Using “Distant Reading” to Complement Close Reading


“I don’t think the computers will ever replace the people when it comes to interpreting philosophical texts. It’s rather that we humans can use computers to help keep ourselves honest and unearth patterns that would be difficult to detect if we did everything manually.”

How can those studying and intepreting figures in the history of philosophy avoid approaches that “warp or distort the philosopher being interpreted”?

Mark Alfano, associate professor of philosophy at Macquarie University, who studies Nietzsche, shares a technique, called “distant reading,” in response to a question from interviewer Richard Marshall at 3:16AM:

The basic idea is extremely flat-footed and simple-minded: I come up with a list of concepts or constructs that, based on my reading of Nietzsche over the years as well as my familiarity with the secondary literature, are probably important for him. Then I associate each concept or construct with the German words (actually word stems) that he uses to refer to or express it. For instance, the concept of  virtue  is associated with anything beginning with ‘tugend’. Some concepts are associated with only one word stem, others with multiple. This is made a bit difficult because Nietzsche updated his spelling in the mid-1880s. For instance, in his earlier work, he uses ‘instinct’ and ‘affect’, but later he uses ‘instinkt’ and ‘affekt’. In order to get all and only the word stems you want, you need to be aware of the text at a detailed level. Once I’m satisfied with the list of word stem(s) associated with a given concept, I then run an algorithm over the entire corpus to find out which passages contain which concepts. I initially did this all by hand via www.nietzschesource.org , which is an outstanding resource. It took months. But then I met a computer scientist by the name of Marc Cheong who figured out how to do it automatically in the course of about a minute. We eventually published a tool that anyone with minimal coding skills can use to replicate and extend what I did in the book.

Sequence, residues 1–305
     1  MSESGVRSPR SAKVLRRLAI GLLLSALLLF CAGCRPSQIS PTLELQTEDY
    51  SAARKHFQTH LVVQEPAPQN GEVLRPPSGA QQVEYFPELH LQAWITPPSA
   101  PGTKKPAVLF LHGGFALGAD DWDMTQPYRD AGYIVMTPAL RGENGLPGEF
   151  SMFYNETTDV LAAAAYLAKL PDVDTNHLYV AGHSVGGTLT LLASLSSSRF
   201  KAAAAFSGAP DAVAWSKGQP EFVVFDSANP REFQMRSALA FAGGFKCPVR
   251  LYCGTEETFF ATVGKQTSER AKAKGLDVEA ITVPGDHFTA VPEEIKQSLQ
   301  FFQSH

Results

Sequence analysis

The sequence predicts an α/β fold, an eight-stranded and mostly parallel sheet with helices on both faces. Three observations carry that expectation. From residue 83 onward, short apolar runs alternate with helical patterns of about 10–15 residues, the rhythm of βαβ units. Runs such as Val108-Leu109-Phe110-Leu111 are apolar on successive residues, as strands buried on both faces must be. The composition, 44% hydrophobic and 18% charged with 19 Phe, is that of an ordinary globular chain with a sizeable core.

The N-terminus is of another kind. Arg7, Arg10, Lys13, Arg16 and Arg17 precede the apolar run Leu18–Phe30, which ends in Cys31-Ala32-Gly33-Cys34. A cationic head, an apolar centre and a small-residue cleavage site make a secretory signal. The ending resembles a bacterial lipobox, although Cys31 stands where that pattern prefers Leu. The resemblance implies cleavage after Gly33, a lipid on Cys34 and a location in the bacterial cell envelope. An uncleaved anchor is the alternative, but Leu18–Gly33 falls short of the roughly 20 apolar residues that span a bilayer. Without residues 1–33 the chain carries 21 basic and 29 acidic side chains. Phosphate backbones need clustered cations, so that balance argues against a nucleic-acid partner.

The next step is really the one you asked about: how to use distant reading to complement close reading? There are two main uses. First, this kind of analysis makes it possible to answer questions of the form, “What does Nietzsche talk about when he talks about X?” So for instance, what else does he talk about when he talks about virtue, or about courage, or about contempt, or about conscience? In the book, I visualize these interrelationships with (what I think are) pretty pictures using Gephi.

But the actual analysis is entirely structural and mathematical. Answering that question on its own doesn’t tell you how Nietzsche relates various concepts, but it strongly suggests that he does  relate them. This leads to the second thing, which is guided close-reading. The idea is that if Nietzsche keeps talking about X and Y in the same passage, he probably thinks they’re related in some way. So then I go through all of those passages with an eye specifically to the relationship between those concepts. This was a new way of reading for me. Previously, I’d either read cover-to-cover or would have a hunch and search for one or two relevant passages. Forcing myself to engage with all and only the passages in which concepts of interest crop up led me to formulate some new ideas, especially when it came to Nietzsche’s thoughts about perspectivism, about having a sense of humor, and especially about what he calls ‘solitude’. 

I want to be clear that I don’t think the computers will ever replace the people when it comes to interpreting philosophical texts. It’s rather that we humans can use computers to help keep ourselves honest and unearth patterns that would be difficult to detect if we did everything manually. But we are the ones to offer the interpretations, and our interpretations will always need close, careful, and contextualized reading. That (along with the pretty pictures) is what I think distant reading is or at least should be about. 

You can read the whole interview here.

Related: A Semantic-Network Approach to the History of Philosophy

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Justin Vlasits
12 days ago

This practice has been known to classicists and ancient philosophers for decades due to the incredible Thesaurus Linguae Graecae, a searchable corpus of Greek literature from Homer to the Byzantine era.Report

Mark Alfano
Reply to  Justin Vlasits
11 days ago

Yes! Classics are way ahead of us.Report

Jacob Joseph Andrews
Reply to  Justin Vlasits
11 days ago

That’s an excellent point. I did my BA in Latin and my PhD in medieval phil. The techniques I learned in my classics degree were invaluable for my dissertation research, when I was tracking a few concepts across a 2500 page Latin tome!Report

Jason G Rheins
Jason G Rheins
Reply to  Justin Vlasits
10 days ago

And even before an electronic TLG, individual authors of importance had complete words indices prepared for them. The same is the case for the Hebrew and Greek Bibles, where every single use of any given word is catalogued. It certainly helps to have digital search tools to replicate the same automatically for unindexed authors or to collate the use of terms in hundreds of other sources all at once, though.Report

Kenny Easwaran
12 days ago

This study by Brian Weatherson, involving computer automated classification of papers from a dozen journals over the course of the 20th century, was similarly interesting, in finding an exhaustive list of papers that used particular terms, rather than just the paradigmatic ones that come to mind from personal reading or citation: http://www-personal.umich.edu/~weath/lda/Report